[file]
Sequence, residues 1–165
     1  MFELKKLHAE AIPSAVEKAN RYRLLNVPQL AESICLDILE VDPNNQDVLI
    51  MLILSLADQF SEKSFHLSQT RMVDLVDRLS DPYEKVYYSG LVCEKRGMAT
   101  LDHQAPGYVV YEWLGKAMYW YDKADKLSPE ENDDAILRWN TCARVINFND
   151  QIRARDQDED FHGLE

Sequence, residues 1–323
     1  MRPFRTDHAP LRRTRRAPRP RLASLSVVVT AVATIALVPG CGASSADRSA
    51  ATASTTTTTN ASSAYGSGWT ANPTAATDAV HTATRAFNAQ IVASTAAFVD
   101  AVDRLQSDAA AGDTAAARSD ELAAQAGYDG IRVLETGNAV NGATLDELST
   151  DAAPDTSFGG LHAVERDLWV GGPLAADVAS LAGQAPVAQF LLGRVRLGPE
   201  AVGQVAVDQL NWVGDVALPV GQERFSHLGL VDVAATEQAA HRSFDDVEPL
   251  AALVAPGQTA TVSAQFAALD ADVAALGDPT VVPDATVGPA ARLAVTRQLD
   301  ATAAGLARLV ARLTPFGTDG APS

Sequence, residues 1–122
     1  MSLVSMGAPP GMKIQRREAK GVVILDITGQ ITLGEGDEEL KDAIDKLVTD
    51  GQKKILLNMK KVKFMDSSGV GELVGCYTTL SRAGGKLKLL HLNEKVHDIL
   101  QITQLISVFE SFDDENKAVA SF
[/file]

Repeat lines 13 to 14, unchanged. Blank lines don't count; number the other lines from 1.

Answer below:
   301  ATAAGLARLV ARLTPFGTDG APS

Sequence, residues 1–122